Junior Isaac Bonilla, a gay Latino, finds the lack of respect people have for the LGBTQ+ community to be frustrating. "The LGBT community as a whole is disrespected by people who aren't in it." He experienced this disrespect firsthand when he lost friends after coming out. "I basically felt like my preferences mattered more than our friendship," Bonilla says exasperatedly.
As LGBTQ+ youth of color, Bonilla, Candace and Robin exist at a curious intersection of two communities that don't seem to fully accept or understand them. There can be a lot of shame and pain involved with their converging identities. LGBTQ+ youth of color can be subject to a host of different oppressions, including racism, sexism and heterosexism and heteronormativity.
According to a 2013 study conducted by the Movement Advancement Project, LGBTQ+ youth of color are one of the most at-risk minority groups in the country. They are at a significantly higher risk of becoming homeless, falling into poverty and facing job discrimination. "In the black community there's already a lot of stigma around LGBTQ problems and then in the LGBTQ community, it's not always inclusive. Gay men sort of drive the conversation in that world and I feel like intersectionality is not very much appreciated," Robin says.
Despite the challenges they may have to face later in life, queer youth of color generally develop their sexual and gender identities around the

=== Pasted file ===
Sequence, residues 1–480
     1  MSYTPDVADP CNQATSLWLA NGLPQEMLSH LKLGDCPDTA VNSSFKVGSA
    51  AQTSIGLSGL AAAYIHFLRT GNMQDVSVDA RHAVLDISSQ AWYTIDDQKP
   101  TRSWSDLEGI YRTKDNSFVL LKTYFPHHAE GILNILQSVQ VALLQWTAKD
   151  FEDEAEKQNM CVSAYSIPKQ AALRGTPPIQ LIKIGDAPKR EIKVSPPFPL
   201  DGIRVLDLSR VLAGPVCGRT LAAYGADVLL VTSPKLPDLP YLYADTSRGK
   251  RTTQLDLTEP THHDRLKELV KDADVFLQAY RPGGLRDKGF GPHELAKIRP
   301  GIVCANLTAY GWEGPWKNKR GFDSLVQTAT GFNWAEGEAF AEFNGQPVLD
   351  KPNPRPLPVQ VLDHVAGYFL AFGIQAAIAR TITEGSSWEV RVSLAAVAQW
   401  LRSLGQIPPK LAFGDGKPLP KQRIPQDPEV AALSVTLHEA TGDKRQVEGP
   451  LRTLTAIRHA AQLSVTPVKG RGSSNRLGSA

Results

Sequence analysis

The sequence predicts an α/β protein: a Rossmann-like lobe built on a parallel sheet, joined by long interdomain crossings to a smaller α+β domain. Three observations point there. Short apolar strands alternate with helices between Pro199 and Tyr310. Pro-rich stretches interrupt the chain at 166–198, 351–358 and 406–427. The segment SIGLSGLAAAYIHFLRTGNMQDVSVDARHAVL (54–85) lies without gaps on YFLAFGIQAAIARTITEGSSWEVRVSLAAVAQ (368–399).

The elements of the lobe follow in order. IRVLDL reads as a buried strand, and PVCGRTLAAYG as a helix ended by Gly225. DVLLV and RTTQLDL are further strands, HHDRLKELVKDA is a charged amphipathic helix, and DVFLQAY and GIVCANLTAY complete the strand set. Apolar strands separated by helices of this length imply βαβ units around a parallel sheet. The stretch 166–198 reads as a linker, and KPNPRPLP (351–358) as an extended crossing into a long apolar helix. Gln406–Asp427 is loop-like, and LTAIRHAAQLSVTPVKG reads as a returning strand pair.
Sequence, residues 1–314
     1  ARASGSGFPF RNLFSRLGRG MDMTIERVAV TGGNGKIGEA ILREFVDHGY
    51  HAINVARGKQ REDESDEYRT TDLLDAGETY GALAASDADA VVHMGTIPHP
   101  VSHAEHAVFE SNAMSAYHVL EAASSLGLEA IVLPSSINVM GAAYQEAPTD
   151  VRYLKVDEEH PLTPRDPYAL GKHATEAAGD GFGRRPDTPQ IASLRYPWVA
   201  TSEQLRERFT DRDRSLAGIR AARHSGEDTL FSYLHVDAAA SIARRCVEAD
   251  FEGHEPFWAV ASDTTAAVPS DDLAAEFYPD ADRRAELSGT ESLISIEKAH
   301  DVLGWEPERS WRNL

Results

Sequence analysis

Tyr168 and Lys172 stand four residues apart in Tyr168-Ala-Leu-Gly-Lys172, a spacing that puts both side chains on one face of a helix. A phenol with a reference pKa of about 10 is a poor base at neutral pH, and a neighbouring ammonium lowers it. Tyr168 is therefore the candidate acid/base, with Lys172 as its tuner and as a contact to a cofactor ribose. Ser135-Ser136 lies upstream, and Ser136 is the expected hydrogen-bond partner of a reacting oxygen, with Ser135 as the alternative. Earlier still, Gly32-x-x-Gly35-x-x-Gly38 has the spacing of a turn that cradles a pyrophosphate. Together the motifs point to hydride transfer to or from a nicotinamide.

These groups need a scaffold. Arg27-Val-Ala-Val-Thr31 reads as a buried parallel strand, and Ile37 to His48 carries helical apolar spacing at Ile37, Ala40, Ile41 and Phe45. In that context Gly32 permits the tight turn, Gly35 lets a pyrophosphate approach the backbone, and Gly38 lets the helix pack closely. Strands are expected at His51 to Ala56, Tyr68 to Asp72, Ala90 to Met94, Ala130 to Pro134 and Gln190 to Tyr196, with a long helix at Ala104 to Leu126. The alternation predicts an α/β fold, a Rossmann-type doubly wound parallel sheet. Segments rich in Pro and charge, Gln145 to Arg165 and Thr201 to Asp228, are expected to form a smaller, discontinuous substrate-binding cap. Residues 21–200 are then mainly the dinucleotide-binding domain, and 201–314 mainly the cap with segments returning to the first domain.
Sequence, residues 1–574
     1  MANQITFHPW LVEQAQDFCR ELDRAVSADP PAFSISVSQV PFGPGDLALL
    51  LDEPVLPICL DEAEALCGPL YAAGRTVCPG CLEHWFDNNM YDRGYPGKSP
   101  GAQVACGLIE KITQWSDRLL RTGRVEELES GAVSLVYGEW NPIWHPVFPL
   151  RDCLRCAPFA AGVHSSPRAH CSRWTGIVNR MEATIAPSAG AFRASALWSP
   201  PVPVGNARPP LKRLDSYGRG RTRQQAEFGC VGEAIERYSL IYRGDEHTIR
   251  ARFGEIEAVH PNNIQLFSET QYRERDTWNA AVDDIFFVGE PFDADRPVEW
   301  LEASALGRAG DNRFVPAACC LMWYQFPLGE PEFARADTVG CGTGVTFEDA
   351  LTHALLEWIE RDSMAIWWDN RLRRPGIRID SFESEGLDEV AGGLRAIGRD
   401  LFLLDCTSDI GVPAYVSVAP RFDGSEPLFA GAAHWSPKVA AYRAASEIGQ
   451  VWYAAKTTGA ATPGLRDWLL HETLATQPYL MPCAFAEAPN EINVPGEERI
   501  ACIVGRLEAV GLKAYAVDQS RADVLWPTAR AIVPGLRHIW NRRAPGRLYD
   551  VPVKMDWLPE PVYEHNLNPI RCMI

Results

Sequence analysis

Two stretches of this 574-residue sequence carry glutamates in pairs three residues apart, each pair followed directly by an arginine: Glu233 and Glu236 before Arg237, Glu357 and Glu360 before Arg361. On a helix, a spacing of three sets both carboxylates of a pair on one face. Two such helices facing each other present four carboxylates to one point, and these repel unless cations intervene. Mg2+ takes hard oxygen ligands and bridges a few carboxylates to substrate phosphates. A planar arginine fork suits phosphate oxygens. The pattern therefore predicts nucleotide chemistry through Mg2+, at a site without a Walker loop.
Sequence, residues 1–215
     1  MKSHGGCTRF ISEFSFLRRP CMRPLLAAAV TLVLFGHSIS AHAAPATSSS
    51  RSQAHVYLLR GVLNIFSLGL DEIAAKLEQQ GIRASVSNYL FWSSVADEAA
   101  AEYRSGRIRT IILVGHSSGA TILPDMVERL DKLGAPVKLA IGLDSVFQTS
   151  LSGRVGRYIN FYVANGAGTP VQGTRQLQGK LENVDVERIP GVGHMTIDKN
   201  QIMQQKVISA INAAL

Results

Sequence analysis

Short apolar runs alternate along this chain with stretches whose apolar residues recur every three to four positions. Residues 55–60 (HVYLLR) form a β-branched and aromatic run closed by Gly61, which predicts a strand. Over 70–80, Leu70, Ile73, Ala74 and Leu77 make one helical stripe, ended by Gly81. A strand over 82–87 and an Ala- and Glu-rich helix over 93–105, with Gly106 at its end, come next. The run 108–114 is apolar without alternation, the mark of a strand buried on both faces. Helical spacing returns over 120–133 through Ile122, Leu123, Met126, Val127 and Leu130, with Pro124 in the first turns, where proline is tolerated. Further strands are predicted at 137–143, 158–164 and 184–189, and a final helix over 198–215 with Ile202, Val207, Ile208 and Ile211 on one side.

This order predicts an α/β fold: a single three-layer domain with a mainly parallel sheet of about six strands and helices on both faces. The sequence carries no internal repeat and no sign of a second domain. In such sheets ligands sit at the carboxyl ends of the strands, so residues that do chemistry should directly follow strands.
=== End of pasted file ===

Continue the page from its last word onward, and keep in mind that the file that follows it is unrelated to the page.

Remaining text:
as their white counterparts. However, junior and co-president of Blair's Gender and Sexuality Advocacy club (GSA) Niarah Jackson, who is black and
discovered her queer identity slightly before the average age of 16. Pansexuality is generally defined as being attracted to people regardless of their biological sex or gender identity. When she was in middle school, Jackson started to have feelings for one of her friends. "I was in seventh grade and there was this girl. I just started to feel different emotions that I didn't feel before," Jackson says. The realization that her sexual identity might be different was startling to Jackson. "I kind of felt like I didn't know what was going on with myself," she reveals. But after some time spent looking up sexual identities online, Jackson was able to find one that helped her to understand her newfound feelings. "I had to go into a lot of research and details to figure out what was going on with me. As I explored myself and identifications, pansexual was what fit me the best."